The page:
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Got Muck?

John Abbott, PG, Director of Environmental Services

The scarcity of Florida’s buildable land has developers turning to parcels they previously passed over because they contained thick layers of muck.  Muck (wet, sticky soil made from decaying plant material) presents several challenges for developers, including, (1) it normally indicates a wetland is present that needs permitting and mitigation, (2) it is geotechnically unsuitable for building upon, and (3) it can contain arsenic in concentrations above residential standards.  In this article, we will specifically address the arsenic problem.

Arsenic is typically present in muck for a combination of reasons; some natural and some anthropogenic (human-caused).  A primary source of anthropogenic arsenic is the use of herbicides like monosodium methyl arsenate (MSMA).  An important first step is to determine what portion is naturally occurring and what portion is anthropogenic.  Although any arsenic above cleanup target levels needs to be managed to protect human health, if it is naturally occurring, arsenic generally can be managed safely onsite without the need for deed restrictions (which can lower property values).  A well-crafted soil sampling plan and some statistics can usually distinguish naturally occurring arsenic from anthropogenic arsenic.

During arsenic cleanup, another crucial step is matching the cleanup strategy with the project’s desired end result.  A single development project may have multiple land uses:  single-family residential, commercial, open recreational space, assisted-living facility, conservation easement, etc.  Each of these land uses may have a different cleanup target level for arsenic.  The most cost-effective remedial strategy will typically address each future land use separately.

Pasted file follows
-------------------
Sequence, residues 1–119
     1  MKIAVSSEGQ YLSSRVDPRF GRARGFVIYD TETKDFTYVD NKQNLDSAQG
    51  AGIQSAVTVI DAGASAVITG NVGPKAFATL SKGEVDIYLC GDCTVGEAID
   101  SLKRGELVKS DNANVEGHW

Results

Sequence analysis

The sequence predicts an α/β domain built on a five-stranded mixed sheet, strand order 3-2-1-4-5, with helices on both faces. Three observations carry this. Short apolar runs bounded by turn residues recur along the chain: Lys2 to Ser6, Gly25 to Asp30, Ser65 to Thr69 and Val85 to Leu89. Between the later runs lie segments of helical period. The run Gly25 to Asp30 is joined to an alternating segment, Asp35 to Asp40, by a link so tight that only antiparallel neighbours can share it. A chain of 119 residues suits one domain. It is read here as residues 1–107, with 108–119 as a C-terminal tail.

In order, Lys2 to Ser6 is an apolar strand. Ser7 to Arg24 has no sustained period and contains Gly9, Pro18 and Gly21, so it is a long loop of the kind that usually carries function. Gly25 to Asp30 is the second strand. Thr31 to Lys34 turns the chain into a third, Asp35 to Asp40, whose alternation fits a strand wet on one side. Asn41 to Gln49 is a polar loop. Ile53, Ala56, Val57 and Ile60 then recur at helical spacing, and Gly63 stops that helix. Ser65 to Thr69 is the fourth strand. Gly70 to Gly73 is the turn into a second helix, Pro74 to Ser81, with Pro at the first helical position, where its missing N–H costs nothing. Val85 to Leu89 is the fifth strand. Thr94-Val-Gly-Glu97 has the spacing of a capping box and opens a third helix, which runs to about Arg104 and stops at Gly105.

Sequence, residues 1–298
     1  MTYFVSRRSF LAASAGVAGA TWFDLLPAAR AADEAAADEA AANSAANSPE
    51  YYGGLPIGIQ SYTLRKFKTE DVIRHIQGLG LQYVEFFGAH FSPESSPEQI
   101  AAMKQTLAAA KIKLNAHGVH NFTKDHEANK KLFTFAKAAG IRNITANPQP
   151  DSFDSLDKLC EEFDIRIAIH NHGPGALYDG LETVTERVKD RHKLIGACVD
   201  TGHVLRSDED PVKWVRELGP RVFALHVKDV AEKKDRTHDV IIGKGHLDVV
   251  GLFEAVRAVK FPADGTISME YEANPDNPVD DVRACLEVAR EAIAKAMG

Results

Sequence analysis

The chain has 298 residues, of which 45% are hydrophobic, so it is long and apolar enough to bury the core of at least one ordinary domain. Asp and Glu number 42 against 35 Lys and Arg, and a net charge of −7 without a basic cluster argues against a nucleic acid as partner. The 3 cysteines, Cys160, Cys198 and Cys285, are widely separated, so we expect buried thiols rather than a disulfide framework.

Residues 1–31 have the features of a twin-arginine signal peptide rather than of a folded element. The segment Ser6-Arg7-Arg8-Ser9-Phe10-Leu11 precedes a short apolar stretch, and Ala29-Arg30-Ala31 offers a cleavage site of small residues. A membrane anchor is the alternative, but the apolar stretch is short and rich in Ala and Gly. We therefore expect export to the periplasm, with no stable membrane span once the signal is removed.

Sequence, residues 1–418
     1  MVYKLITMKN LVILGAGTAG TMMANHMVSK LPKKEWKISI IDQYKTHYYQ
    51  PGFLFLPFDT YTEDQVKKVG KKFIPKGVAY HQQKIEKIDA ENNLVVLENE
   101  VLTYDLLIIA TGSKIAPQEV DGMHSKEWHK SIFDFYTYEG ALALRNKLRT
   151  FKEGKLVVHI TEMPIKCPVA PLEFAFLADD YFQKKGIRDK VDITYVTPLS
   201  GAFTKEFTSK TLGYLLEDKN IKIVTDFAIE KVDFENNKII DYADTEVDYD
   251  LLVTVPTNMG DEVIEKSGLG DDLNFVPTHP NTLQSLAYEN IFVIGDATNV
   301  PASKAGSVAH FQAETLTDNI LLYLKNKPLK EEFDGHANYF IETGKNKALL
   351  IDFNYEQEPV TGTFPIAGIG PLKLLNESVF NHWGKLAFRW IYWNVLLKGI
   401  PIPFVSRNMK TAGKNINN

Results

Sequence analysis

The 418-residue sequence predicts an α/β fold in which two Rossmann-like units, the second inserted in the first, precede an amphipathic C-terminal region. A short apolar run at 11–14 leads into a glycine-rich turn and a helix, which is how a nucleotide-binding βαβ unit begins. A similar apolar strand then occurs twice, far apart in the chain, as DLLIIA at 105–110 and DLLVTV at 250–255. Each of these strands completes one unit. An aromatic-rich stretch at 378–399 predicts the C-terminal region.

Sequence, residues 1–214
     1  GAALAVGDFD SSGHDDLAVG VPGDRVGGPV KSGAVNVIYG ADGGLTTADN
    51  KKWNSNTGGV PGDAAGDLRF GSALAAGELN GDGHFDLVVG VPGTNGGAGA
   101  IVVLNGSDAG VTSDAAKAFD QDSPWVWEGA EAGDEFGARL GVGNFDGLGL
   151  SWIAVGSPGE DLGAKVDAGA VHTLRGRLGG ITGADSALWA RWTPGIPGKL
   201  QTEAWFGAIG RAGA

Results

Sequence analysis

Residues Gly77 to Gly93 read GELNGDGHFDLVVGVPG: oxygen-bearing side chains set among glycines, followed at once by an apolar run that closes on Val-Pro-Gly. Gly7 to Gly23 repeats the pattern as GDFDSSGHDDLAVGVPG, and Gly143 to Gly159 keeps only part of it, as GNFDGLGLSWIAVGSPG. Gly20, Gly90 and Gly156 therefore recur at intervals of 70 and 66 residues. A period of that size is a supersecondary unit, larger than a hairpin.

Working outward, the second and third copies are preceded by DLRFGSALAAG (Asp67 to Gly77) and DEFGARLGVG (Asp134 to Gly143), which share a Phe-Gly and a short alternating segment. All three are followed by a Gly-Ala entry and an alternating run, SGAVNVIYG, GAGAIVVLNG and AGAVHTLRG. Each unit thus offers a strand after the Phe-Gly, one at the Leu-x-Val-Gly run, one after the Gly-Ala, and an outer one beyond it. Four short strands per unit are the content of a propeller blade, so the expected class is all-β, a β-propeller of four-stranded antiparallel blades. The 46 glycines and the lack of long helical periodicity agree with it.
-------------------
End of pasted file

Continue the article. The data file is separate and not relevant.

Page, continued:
Before WGI proposes a remedial plan for arsenic, we meet with the developer (including the geotechnical engineer and the general contractor) to understand what earthwork needs to occur regardless of any arsenic remediation.  What lakes need to be dug?  How much soil needs to be imported or exported for grading and flood control?  What earthwork needs to occur to create geotechnically stable subsoils?  Then we develop a cost-effective remedial plan that incorporates the earthwork that needs to get done anyway for other site development purposes.

If active arsenic remediation is needed, WGI has a range of effective tools.  In some cases, removal and offsite disposal of some “hot spots” is the most economical, followed by soil blending of the remaining muck with soil that has lower concentrations.  One of our most common solutions is to over-excavate a lake (especially if the development needs a source of clean fill material) and place the muck in the bottom of the lake.  A key consideration here, however, is to test the soil using the Synthetic Precipitation Leaching Procedure to ensure the arsenic will not leach out of the muck and contaminate the groundwater.  Also, the environmental regulatory agencies require a comprehensive water quality assessment, including pre-construction (baseline) monitoring wells, to compare to post-construction conditions. Sometimes the best “tool in the toolbox” is to leave some of the muck right where it is, especially if onsite wetland preservation is needed. Our extensive experience shows the most cost-effective solution uses multiple tools from that toolbox.

 

About Author

John Abbott

Director of Environmental
Services

John Abbott has 22 years of experience in environmental planning and contamination remediation. He has worked on some of the largest contamination sites in the United States.

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